By Kate Conger
By Brian Rinker
By Rachel Swan
By Anna Pulley
By Erin Sherbert
By Chris Roberts
By Erin Sherbert
By Rachel Swan
3010 Geary (at Blake)
Admission: $7.50, $4.25 kids/seniors,
The Bridge opened in 1939 with an Astaire-Rogers souffle, The Story of Vernon & Irene Castle. The art deco landmark (misidentified as the "Ridge") merits an entry in Luis Bunuel's piercing autobiography, My Last Sigh, for a 1978 "terrorist" (as he called it) incident provoked by That Obscure Object of Desire. (The damage necessitated a renovation of the living room-style lobby.) Landmark took over the inviting 400-seat theater from Renaissance Rialto (see Grand Lake) in 1991, and the fare now is primarily English-pedigreed art films like The Madness of King George and Emma. Like one abandoned for a sexy younger lover, the Bridge maintains its homely dignity and older, literate audience even as its corporate parent and the younger set fawn over the new Embarcadero Center. The Bridge's screen is high but not particularly large, so the closer you sit the better. The main attraction of the Bridge is Tyrone McCloskey's art: The Bridge staffer's wonderfully creepy paintings of fringe filmmakers like William Castle transform the lobby into a gallery. The legendary Samuel Z. Arkoff recently dropped by to examine his portrait on the "King of the B's" wall; what are you waiting for?
2113 Kittredge (at Shattuck), Berkeley
Admission: $7.50, $4 kids/seniors, $4 matinee
The California is a Berkeley art triplex now owned by Landmark. It has a fairly nice room downstairs, two hastily divided smaller ones upstairs; the latter are extremely steep and far too narrow, and not reconfigured for the new screens, giving a feel that's at once vertiginous and askew. There's been a hole in the downstairs screen for some time; screens aren't that expensive to replace. People tend to feel affectionate toward the theaters, though; perhaps it's the staff. They're friendly and professional, taking questions and complaints seriously.
The Casting Couch
950 Battery (at Green)
The Casting Couch Micro-Cinema, as it is officially called, is a "luxury screening room" that shows high-end video and laserdisc in a small (50 capacity) but tony environment. The seating is on couches and love seats; the waiters bring the snacks to you. Owner Edgar Marroquin says the room is on hiatus through the end of the year for private use, but will be back in 1997 with a lineup of independent films and special events.
429 Castro (at Market)
Admission: $6.50, $4 kids/seniors, $4 matinee
The 1,500-seat Castro, with its heroic facade and irrepressible clientele, remains the great art-house moviegoing experience in San Francisco. The theater was built by the Nasser family, a key Bay Area exhibition force in the first half of the century. It cost $300,000 in 1922, back when that was real money; it's one of architect Timothy J. Pflueger's four extravagant Bay Area theatrical concoctions. (The others are the Alhambra, the Oakland Paramount, and the Alameda, which is no longer in operation.) Pflueger, who lived from 1892 to 1946, was educated at the Beaux Arts School of Design and was a key Bay Area builder: He also did the Pacific Telephone building on New Montgomery and the nightclub Bal Tabarin (now Bimbo's), and was also on the design team for the Bay Bridge.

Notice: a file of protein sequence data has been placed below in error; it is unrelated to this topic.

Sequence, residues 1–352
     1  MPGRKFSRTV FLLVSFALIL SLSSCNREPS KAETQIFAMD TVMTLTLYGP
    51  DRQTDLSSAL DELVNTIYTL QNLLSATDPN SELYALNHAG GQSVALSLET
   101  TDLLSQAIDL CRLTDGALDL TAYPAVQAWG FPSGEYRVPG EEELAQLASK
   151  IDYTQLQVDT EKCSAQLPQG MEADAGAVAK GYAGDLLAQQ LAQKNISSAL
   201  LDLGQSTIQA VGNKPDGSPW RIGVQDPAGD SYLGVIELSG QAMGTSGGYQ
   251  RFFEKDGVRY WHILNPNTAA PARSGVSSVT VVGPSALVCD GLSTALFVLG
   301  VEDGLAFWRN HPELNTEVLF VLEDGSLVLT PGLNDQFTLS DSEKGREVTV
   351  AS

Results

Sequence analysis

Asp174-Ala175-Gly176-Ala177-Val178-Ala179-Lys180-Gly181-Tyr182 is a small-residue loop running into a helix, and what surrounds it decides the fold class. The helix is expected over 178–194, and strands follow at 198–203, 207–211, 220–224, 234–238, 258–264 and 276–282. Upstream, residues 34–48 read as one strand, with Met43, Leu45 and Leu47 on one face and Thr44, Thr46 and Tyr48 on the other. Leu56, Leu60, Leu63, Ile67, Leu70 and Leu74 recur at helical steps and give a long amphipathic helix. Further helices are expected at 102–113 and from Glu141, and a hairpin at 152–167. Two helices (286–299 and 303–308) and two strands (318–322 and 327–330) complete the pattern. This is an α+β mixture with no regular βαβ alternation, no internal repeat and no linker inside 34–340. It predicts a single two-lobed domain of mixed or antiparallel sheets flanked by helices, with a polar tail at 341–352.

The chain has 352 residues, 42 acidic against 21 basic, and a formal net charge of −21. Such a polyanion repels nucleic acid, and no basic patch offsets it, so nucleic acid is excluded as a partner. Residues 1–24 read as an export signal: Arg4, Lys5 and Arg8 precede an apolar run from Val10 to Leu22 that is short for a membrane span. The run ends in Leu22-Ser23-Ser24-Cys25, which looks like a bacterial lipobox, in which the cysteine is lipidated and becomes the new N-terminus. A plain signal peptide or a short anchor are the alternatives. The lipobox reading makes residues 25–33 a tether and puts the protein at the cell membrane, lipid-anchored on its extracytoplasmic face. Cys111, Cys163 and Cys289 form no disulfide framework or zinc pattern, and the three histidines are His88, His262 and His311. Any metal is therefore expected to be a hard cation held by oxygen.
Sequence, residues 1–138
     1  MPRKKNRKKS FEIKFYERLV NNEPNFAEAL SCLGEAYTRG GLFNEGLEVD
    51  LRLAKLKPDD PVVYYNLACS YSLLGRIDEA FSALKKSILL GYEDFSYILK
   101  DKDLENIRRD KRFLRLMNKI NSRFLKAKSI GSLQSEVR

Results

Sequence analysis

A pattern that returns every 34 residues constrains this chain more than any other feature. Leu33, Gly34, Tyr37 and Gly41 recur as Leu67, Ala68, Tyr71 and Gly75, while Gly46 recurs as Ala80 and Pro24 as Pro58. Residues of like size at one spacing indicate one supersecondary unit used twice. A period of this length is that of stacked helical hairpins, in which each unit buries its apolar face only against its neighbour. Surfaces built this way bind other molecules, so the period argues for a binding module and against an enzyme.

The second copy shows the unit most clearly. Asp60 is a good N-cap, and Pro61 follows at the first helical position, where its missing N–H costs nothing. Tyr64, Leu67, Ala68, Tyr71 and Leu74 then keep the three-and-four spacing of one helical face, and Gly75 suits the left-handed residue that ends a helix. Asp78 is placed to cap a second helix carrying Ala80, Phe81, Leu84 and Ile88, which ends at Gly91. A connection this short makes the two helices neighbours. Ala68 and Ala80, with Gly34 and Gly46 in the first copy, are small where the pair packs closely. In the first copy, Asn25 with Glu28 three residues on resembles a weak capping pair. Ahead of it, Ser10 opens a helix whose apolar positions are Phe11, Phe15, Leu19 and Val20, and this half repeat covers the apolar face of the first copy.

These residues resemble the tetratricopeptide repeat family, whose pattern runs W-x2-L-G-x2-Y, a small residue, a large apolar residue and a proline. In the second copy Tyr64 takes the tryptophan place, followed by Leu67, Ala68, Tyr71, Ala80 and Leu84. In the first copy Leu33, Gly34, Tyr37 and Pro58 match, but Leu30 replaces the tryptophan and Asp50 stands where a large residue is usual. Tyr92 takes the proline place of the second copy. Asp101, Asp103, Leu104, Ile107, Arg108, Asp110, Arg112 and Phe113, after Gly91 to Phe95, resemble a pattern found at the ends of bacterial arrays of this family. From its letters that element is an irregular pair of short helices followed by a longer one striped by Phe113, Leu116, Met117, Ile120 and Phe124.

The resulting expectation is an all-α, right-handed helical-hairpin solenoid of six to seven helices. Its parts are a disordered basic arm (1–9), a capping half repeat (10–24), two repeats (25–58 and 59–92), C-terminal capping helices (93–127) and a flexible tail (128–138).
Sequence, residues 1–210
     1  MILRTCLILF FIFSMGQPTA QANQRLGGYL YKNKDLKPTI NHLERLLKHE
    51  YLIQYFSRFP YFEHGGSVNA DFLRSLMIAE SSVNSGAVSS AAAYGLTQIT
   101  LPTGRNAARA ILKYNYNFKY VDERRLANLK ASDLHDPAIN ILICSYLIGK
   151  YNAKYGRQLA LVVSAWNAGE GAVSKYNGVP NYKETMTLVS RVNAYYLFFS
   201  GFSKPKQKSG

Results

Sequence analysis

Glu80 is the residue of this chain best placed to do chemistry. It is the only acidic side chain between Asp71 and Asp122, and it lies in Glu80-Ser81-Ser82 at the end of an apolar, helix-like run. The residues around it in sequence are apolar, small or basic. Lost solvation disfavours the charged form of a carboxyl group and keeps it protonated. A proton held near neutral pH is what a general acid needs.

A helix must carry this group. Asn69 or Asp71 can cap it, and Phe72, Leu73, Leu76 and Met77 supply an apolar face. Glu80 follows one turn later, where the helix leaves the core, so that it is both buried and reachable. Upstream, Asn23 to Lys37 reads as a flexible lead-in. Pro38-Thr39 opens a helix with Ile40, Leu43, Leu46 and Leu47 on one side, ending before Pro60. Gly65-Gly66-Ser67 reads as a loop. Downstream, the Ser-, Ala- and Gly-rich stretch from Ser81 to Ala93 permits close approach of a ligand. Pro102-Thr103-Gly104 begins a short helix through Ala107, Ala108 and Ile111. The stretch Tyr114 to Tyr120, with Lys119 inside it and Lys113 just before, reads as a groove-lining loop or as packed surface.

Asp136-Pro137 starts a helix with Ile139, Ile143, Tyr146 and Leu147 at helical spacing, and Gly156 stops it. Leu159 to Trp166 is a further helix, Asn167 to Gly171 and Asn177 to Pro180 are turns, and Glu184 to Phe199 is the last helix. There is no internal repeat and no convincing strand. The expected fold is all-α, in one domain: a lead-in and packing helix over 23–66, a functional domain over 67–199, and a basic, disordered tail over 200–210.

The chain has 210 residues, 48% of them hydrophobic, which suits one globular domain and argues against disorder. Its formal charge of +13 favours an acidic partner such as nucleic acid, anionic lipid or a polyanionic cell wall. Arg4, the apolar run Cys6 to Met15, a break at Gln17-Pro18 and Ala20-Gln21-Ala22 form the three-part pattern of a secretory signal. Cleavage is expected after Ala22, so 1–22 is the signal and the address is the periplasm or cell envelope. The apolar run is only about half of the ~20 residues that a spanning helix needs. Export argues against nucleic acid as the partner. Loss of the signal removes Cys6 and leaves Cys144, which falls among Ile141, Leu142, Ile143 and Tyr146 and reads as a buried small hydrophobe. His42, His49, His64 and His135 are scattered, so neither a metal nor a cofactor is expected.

In the 1980s, the Castro was the flagship and darling of Mel Novikoff's Surf Theaters, which included the Surf, the Lumiere, and the Clay. Before his death, in 1987, Novikoff was planning to plex it, saying he couldn't afford to keep it open. But the theater then went to the Blumenfelds (see Regency), and its existence now seems secure. The company's oversight of this now venerable house is sometimes disparaged by theater buffs, apparently on the grounds that it should undertake a complete restoration. But this is a pricey proposition, and the building has not been allowed to decay. The Castro is run as a stand-alone operation with its own booker and technicians and a sympathetic staff unlike those at the other Blumenfeld rooms in town. Now extremely successful, the Castro is carefully booked to include neighborhood crowd-pleasers, series that emphasize the theater's size (like the wide-screen program set for the last weeks of December), and special events. Inside, the lobby is disappointingly cramped, but this is compensated for a bit by a snazzy mezzanine lounge. The interior is spectacular, if a bit dusty. The seats are famously uncomfortable, and only get worse in the balcony.
2141 Chestnut (at Steiner)
Admission: $7.50, $4.50 kids/seniors,
The Cinema 21 is a nice place. It's owned by the Century company, formerly known as Syufy, an S.F.-based chain of some 500 screens. Most of these are so-so multiplexes (quite a few of them dot the burbs); but the company now says it's embarked on an ambitious building plan of new-generation high-quality multiplexes that might double its size by the year 2000. The Cinema 21 and its sister, the Presidio, are the company's two classy single-screen affairs. The 21 has a tee-riff curved screen and one of those old-fashioned interiors with a standard lower house and then a steeply raked loge. It's comfy, too. The company says the 21 and the Presidio are successful neighborhood operations, but others in the film industry say they wouldn't be surprised to see Century sell them.